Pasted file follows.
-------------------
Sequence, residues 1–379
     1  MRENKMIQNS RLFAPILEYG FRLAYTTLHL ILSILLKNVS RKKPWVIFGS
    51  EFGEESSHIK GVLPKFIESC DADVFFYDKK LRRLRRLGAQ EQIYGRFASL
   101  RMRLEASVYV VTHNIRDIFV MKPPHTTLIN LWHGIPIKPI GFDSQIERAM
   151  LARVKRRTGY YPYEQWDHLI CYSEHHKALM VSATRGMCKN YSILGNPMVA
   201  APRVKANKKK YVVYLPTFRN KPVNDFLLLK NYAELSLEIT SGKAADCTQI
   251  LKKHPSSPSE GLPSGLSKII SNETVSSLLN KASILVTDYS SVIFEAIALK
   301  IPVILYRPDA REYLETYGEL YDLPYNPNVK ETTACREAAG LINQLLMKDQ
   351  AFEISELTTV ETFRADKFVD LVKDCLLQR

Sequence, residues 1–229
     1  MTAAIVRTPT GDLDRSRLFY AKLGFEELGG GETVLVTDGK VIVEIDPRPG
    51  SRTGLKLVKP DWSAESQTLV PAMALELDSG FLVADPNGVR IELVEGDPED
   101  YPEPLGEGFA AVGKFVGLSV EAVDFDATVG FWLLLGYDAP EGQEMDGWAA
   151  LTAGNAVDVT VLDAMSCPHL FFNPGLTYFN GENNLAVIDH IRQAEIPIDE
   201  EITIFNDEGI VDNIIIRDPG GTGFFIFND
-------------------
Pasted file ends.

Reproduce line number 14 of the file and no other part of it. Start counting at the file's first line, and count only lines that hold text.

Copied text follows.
   151  LTAGNAVDVT VLDAMSCPHL FFNPGLTYFN GENNLAVIDH IRQAEIPIDE